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Peartree News

We know that keeping in touch with everything going on in your children’s lives is one of your main concerns, and your child may have trouble answering a question like, “How was preschool today?” To help, we’ve assembled this page with links to our newsletters, information about important events, and other articles of interest. Enjoy browsing around, and be sure to come back often!

Is Your Child Being Bullied?

Is your child having a problem with another student at school? Let’s face it; kids are bound to run into problems with others on campus. In fact, it’s difficult to know where to draw the line between a problem that needs attention and a mere misunderstanding between kids. However, if your child is repeatedly singled out or targeted by the same student (or group of students), or your child does not want to attend school or ride the bus any longer, these may be signs that intervention is needed. School should be a place where all students feel safe. The Health Resources and Services Administration has a website your family can go to for information, answers, and solutions to bullying. According to Stop Bullying Now, here are some signs to look for if you suspect your child is being bullied:

  • Your child comes home missing clothing or possessions, or your child’s clothing is damaged, or torn;
  • Your child has bruises, scratches or cuts they cannot (or won’t) explain;
  • Your child is fearful of going to school, riding the bus, or attending activities with friends;
  • Your child is sad, tearful or depressed when they come home from school;
  • Your child has low self-esteem or is anxious.

If you suspect your child is a victim of bullying, take action! Ignoring the incident or hoping it goes away, often makes the situation worse and can leave your child feeling even more alienated.

  • Let your child know that you support him/her.
  • Get as much information about the bullying as you can from your child. Help your child explain the situation and experiences by asking him/her questions.
  • Contact your child’s teacher. Many times teachers are able to provide information about your child’s peer relationships that you may not have known. If needed, contact the school principal to let him/her know what is happening as well.

We all want our children to feel safe going to school. Working with your child’s teacher and administration is an effective way to start protecting your child. Staying informed of the situation and acting quickly to resolve any problems will help your child feel empowered and safe once again.

Diet and the ADHD Child

Making sure your child has a healthy balance of nutrient-rich foods is a constant concern for a loving parent. If your child has trouble focusing, acts impulsively, is hyperactive or fidgety, your child may be dealing with Attention Deficit Hyperactivity Disorder (ADHD). Whether or not your child has been diagnosed with ADHD, the common symptoms of the disorder are present in most school-aged children, varying in duration and intensity, and may severely affect your child’s ability to function socially and academically. Poor diet choices may be a contributing factor to the symptoms of ADHD in your child. A few simple modifications to your child’s diet may go a long way toward improving concentration, memory, and supporting brain function and development.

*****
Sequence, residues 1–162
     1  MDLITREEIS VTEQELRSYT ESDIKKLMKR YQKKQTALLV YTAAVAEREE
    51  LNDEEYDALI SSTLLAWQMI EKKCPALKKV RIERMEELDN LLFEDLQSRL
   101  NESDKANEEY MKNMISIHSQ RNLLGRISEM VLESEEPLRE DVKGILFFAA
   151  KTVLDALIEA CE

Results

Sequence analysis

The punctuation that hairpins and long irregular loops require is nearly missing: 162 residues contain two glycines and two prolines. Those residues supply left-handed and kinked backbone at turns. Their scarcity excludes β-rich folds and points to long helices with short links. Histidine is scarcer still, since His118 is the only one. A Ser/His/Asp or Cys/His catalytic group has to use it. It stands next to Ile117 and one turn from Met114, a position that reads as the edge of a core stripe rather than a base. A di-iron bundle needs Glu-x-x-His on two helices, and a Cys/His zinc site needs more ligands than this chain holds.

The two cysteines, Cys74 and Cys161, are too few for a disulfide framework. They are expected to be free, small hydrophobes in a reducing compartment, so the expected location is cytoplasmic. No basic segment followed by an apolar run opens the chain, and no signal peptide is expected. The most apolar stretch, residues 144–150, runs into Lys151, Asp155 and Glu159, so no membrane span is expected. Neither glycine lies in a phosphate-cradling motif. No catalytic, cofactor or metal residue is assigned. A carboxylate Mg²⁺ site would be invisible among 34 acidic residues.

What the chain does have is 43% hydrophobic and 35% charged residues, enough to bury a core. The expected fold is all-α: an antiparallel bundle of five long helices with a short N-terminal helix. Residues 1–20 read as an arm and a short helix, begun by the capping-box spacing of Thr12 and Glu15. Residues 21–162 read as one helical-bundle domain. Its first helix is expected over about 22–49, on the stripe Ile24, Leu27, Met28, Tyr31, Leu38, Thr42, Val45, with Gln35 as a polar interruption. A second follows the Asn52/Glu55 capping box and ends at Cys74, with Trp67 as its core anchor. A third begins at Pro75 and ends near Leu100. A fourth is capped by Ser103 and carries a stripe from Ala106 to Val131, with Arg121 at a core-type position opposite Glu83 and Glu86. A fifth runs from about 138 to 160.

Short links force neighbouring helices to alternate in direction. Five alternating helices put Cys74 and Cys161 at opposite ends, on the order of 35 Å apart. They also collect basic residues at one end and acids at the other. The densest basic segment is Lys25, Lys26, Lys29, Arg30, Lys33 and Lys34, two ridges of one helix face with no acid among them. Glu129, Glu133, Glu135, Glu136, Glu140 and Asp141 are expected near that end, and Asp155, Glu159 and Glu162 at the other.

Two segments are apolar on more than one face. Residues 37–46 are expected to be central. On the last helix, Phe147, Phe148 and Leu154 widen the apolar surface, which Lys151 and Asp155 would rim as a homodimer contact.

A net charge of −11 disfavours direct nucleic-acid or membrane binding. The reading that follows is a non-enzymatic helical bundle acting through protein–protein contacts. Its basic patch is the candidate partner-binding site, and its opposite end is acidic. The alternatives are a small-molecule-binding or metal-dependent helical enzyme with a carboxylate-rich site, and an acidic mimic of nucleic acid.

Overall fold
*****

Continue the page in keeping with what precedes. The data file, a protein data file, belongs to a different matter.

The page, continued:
Research shows that diets high in protein and Omega-3 fatty acids help to improve concentration and support brain function, while sugary snacks and packaged foods high in preservatives should be avoided. Consider these four important diet suggestions:

Pack in the Protein: Adding beans, cheese, nuts, and eggs to your child’s breakfast and after-school snacks can improve concentration. For a child that takes daily medication, they can help increase the duration and effectiveness of her prescription. A diet high in protein will keep your child fueled during a rigorous day at school, and adding protein to an after-school snack will keep her going for extra brainpower while she does her homework.

Cut out simple carbohydrates: While it may be impossible to monitor your child’s every move throughout the day, eliminating candy, sugary snacks, corn syrup, white flour, and white rice whenever possible is a good idea for optimal brain health. Removing snacks and food items from your home may be the best way to help your child reduce her intake of simple carbohydrates.

Boost the intake of complex carbohydrates: Fill your child’s diet with fresh fruits and vegetables; apples, oranges, grapes, pears and kiwi are a great sweet snack. Colorful vegetables like carrots, tomatoes, sweet potatoes, and spinach are an excellent source of antioxidants that protect brain cells and keep them strong. Think about the plate when dishing up meals—half should be vegetables, a quarter proteins, and a quarter carbohydrates.

Consider an Omega-3: The fatty acids found in tuna, salmon and other coldwater fish are essential to your child’s diet. Omega-3 effects the transmission of the neurotransmitters dopamine and serotonin that help brain cells to communicate throughout the brain. Consuming 12 ounces of fish a week is recommended for a child showing symptoms of ADHD (two meals). Omega-3 is also found in walnuts, Brazil nuts, and both olive and canola oils. If you have trouble fitting these important fatty acids into your child’s diet, consider Omega-3 in supplement form.

Attention Deficit Hyperactivity Disorder (ADHD) affects up to ten percent of children in the United States. Eating a balanced diet may be the best way to help your child manage the symptoms of ADHD and supply the brain with the tools it needs to succeed. For more information about diet and the ADHD child, consider these helpful articles: